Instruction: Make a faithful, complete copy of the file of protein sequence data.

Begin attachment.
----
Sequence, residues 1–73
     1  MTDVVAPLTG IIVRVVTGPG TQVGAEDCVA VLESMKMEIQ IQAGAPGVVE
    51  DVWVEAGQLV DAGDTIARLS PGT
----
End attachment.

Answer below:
Sequence, residues 1–73
     1  MTDVVAPLTG IIVRVVTGPG TQVGAEDCVA VLESMKMEIQ IQAGAPGVVE
    51  DVWVEAGQLV DAGDTIARLS PGT